• Pricing Model: Everyone says its so easy to make a neobank nowadays. And that’s definitely true in part—API Providers have made the technology barrier significantly lower. But it’s still a costly process—API Providers have fees just to play around with a sandbox, not even to use their tech in production; and Banks will only work startups that have raised a certain amount of capital (have heard of edge cases, but its around $1m.)

    But the business model does not make sense for every stakeholder. The monthly and yearly pricing for API Providers has traditionally been a barrier for smaller startups, and requires founders to raise preseed rounds just to build the first iteration of their concept. Everyone talks about “the AWS for Fintech” but AWS doesn’t cost a preseed startup an arm and a leg. AWS reduces the technology AND financial burden of getting a software company off the ground. The same still needs to happen in fintech.

  • Platform Lock In For API Providers: API Providers have it rough—as the middleman, they’re getting squeezed by banks and are getting pressured by clients. First off, a lot of the product roadmap for API Providers are unofficially dictated by their partner bank. They aren’t charted financial institutions—they can only offer technology to enable others to create financial products that are approved by their partner banks. API Providers don’t take on the regulatory risk of the underlying financial product, and their roadmaps are restricted by what their partner bank is willing to take on.

    For example, traditionally, banks haven’t been willing to offer their balance sheets to enable cheap lending for neobanks. In theory, if a neobank can acquire deposits and the banks let them lend a certain percentage off of it, a neobank could dramatically reduce the cost of capital for a consumer lending product (the alternative would be a warehouse facility or lending off the money you fundraised which…wouldn’t fly with any investor.) I know of at least 1 bank that’s doing it and two that are looking into it.

    The risk for API Providers? It’s becoming increasingly clear that it makes sense for Banks and Clients to figure out a way to cut out API Providers. Technology heavy clients that see financial services as a core competency will tell investors to give them $50m to build this tech themselves and connect to an issuing processor like Visa directly (this exclude most embedded fintech players FYI.) Banks will say that if they can just charge the neobanks directly if they have API’s that aren’t complete shit (this is a huge if.)

    This is why I previously wrote that infrastructure companies need to get into value added services as a way to lock in customers—because the value proposition for API Providers decreases over time.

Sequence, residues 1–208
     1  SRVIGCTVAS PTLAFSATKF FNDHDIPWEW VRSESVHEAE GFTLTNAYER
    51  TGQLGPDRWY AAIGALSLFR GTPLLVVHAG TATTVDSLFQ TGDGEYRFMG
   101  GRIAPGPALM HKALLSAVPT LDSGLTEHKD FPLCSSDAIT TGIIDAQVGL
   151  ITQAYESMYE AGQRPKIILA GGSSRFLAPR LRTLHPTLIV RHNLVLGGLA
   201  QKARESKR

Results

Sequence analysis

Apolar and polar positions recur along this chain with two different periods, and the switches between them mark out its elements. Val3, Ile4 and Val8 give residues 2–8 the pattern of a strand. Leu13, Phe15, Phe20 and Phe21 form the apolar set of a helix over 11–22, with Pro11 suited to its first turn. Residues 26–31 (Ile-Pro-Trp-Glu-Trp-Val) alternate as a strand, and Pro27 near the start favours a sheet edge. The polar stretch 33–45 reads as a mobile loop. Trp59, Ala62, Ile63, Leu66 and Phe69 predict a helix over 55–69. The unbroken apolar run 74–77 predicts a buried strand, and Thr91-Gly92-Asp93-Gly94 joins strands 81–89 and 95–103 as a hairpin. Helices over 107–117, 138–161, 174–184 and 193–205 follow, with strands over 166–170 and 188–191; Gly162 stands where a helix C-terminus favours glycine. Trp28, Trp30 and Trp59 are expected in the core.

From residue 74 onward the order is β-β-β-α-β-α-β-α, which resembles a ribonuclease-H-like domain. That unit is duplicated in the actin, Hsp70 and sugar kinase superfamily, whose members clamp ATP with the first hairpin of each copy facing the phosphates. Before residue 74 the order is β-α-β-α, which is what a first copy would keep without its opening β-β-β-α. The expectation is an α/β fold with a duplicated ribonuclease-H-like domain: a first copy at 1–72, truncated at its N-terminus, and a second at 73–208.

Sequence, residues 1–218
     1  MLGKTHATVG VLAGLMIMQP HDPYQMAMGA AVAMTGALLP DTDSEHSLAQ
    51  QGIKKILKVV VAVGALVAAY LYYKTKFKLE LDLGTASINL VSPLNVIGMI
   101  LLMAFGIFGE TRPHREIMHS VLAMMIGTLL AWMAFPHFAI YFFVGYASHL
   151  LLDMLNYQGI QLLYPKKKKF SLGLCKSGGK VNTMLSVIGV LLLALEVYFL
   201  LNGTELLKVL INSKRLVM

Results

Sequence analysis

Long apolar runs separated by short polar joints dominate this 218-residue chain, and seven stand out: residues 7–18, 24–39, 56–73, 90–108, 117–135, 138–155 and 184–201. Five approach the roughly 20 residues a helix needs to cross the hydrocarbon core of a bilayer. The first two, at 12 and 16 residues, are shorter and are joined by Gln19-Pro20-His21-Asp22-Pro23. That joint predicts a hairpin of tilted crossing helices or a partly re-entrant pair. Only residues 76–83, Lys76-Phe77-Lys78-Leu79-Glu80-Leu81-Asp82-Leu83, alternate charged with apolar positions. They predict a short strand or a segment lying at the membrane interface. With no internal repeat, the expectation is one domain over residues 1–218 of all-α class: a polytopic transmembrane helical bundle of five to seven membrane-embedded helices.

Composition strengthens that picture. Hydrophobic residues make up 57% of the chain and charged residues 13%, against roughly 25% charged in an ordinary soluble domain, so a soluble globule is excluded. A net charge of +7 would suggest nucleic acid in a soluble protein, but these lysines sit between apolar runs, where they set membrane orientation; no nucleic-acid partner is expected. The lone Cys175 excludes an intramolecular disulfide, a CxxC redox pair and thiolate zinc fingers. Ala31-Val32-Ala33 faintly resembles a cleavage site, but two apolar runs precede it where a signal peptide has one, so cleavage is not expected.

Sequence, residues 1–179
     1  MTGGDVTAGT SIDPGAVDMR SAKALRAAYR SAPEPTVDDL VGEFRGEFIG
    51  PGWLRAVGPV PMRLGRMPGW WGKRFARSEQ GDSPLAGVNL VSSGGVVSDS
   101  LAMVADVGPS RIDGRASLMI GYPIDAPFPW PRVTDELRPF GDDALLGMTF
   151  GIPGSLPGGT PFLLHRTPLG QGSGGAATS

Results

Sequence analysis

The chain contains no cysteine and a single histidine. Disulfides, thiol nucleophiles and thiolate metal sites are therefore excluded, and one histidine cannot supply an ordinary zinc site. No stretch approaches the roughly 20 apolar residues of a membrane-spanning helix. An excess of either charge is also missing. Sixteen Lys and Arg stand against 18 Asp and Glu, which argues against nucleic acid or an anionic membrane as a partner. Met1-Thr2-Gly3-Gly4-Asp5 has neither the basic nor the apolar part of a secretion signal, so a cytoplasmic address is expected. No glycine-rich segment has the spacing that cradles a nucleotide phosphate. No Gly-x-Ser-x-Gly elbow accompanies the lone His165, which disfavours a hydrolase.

• Poor Go To Market Strategy Selling To Non-Fintech’s: Out of all of these, this is the one that annoys me the most. Because if you look at consultant’s writing blog posts and Fintech Twitter’s nonstop adoration, you’d think that we’re in the midst of an embedded fintech renaissance.

    And while companies are having success selling infrastructure products to non-fintech companies so they can build a service themselves, partnerships between these stakeholders and non-fintech companies is still infrequent. (The only infra company that crushes it on embedded fintech partnerships is GreenDot.) Bank and API Providers especially have an abysmal time figuring out partnerships with non-fintech companies because of a weak go-to market strategy. In my opinion, most embedded fintech startups chase whales like Apple or Uber, when you’d be better off enabling a smaller tech startup with brand value and equity—like convincing Away to start an Away travel branded credit card (well…maybe not in this economy.) Or pitching Glossier to start a virtual card with its own rewards program to drive more frequent purchases and larger cart sizes.

    The real issue is education—you’re not pitching fintech experts. Most people don’t know what interchange revenue, partner bank, or embedded fintech even mean, much less talking about the nuances around being a program manager and KYC.

Luckily, companies like Unit Finance,, and Bond are focused on making it simpler and easier for developers to start creating financial products, helping banks become their own infrastructure providers, or making it easier to manage these relationships.

But it’s clear to me the partnerships model has some hole that need fixing, and solving some of the underlying issues requires taking creative risks. Will we see a big bank become the defacto banking-as-a-service platform? How will API Providers decrease platform risk over time? Will neobanks at scale start making more technology in-house? These are some of the questions I’ll be thinking about as we see new and different kinds of partnerships crop up.